Once the flour has disappeared, scrape the batter into the prepared baking sheet, gently spreading it into an even layer. Don’t spread it around more than necessary, as this will deflate the egg foam.

Bake until the cake feels firm to the touch, though still steamy and moist; about 15 minutes. If you suspect your oven runs hot, check on the cake around the 12 minute mark. An overbaked cake will crack no matter what, so keep an eye on it.

As soon as the cake comes out of the oven (I’m talking immediately), cover it with the prepared aluminum foil. It can be a bit tricky, but try to tent the foil slightly so it doesn’t touch the cake itself. Use your oven mitts to crimp the foil around the baking sheet, sealing the cake as completely as possible. Cool until no trace of warmth remains.

Filling and shaping the cake:
Once the cake has cooled, have your filling on hand and warm the ganache or buttercream to a spreadable consistency.

Remove the foil from the cake. If the edges on the short side seem brittle or crusty, trim them off with a knife. If you like, brush the cake with your booze of choice to give it a bit of that Eggnog Nip.

Spoon the filling onto the cake, spreading it into an even layer. Leave a 1” margin all the way around the edges. You may feel 2 cups of filling isn’t quite enough, but any more and it’ll squish out the sides as you roll.

You’ll want to roll the cake starting from the long side, otherwise you’ll wind up with a Yule Stump rather than a Yule Log.

Grab the parchment on the long side of the cake to get things rolling. As you roll, you can naturally peel the parchment away. Position the rolled up cake seam-side down on the baking sheet. Use half the buttercream or ganache to cover the surface, including the exposed ends. It won’t be a thick layer, more of a crumb coat.

Refrigerate until the buttercream or ganache has hardened. The cake is easier to handle when cold, so don’t rush it! Take the cake from the fridge, and use a serrated knife to cut a 3 or 4” piece off one end (cut on a bias).

Loosen the bigger portion of cake from the baking sheet (where the ganache or buttercream may have hardened against the baking sheet), and use a metal spatula to transfer it to a serving platter. Position the smaller piece wherever you like, to create a stubby branch.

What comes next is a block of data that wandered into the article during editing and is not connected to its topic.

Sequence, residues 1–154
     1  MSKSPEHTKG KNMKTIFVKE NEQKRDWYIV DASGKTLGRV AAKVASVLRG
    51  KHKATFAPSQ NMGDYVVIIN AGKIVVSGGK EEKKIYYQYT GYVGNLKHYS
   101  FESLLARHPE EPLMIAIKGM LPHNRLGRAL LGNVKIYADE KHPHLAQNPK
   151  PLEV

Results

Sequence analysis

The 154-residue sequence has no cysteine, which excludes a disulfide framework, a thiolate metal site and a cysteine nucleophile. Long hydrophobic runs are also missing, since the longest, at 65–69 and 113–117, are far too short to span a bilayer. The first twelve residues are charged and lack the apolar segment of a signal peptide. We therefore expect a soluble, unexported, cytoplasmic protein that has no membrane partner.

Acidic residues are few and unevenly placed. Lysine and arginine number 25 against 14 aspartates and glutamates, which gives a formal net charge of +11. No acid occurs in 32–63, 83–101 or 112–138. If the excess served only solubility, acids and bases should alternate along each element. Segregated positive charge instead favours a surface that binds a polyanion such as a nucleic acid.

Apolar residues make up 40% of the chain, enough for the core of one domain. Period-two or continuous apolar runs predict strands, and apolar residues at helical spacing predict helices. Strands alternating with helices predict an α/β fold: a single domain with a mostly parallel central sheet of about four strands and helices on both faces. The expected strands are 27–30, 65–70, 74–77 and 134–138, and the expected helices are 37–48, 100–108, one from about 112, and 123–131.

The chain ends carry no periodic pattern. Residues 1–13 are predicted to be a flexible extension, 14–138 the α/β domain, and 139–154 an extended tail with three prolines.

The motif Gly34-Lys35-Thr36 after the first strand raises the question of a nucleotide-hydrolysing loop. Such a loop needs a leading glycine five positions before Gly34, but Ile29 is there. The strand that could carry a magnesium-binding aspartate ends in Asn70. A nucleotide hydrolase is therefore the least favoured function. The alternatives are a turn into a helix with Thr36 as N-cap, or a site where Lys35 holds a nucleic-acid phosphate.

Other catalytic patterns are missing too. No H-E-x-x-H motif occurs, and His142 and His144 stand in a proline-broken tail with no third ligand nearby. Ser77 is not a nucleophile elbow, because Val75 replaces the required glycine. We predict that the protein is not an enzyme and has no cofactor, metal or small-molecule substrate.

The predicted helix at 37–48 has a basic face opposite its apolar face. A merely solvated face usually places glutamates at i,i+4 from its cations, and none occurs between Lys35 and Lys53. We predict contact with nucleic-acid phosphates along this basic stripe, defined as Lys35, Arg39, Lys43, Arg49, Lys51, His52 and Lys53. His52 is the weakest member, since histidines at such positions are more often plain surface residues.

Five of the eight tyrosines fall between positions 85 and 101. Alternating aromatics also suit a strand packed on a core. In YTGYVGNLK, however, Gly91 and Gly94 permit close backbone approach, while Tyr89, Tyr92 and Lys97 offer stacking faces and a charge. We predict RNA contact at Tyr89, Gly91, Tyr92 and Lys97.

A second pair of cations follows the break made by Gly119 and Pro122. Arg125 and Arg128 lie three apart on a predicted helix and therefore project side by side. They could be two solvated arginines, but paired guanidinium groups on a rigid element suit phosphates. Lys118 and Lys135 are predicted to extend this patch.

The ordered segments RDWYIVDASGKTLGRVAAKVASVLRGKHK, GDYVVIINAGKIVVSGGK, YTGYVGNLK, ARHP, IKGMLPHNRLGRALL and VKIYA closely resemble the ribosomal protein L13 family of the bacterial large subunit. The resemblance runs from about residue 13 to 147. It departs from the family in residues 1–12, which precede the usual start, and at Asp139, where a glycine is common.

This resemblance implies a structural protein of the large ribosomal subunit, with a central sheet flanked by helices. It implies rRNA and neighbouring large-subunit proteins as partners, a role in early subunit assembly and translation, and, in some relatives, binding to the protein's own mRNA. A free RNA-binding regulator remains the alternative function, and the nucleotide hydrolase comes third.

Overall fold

Use the remaining ganache or buttercream to smooth the pieces together, and to cover any exposed bits of cake. At this stage, you’re still not decorating, just forming the foundation of the bark. It’s okay for it to look a little rough!

Refrigerate until the outside of the log is firm.

detailed yule log

Decorating the cake:
Melt the chocolate in the microwave, stirring every 15 seconds to prevent scorching, until it is fluid and very warm. Use a small, clean paint brush (I used a brand-new eyeshadow brush that I bought for this very purpose) to paint the melted chocolate over the log using up and down motions.

I took a quick video on my cell phone, if you want to click through and see how I painted on the base layer of chocolate.

Once it’s covered, keep painting until you’ve used up all the chocolate. Instead of evenly coating the whole cake again and again, focus on building up patches here and there to give the bark a rough, scaly appearance and deep grooves. Some people do this with a fork, but I love the more natural look of rough brushstrokes.

Don’t worry if the chocolate begins to clump on the brush as you paint. The messier the brush, the rougher and more realistic the bark itself.

Because the chocolate’s untempered, once the bark sets up it will have a very irregular color. Splotches of dark brown, tan and the occasional blush of gray. This is totally natural and not a sign of spoilage. It’s not a look you’d want on a posh torte or candy bar, but it’s perfect for a tree bark.

Use a hot, damp rag to wipe the serving platter clean, then decorate your Yule Log with a light dusting of cocoa powder, Meringue Mushrooms and Matcha Moss.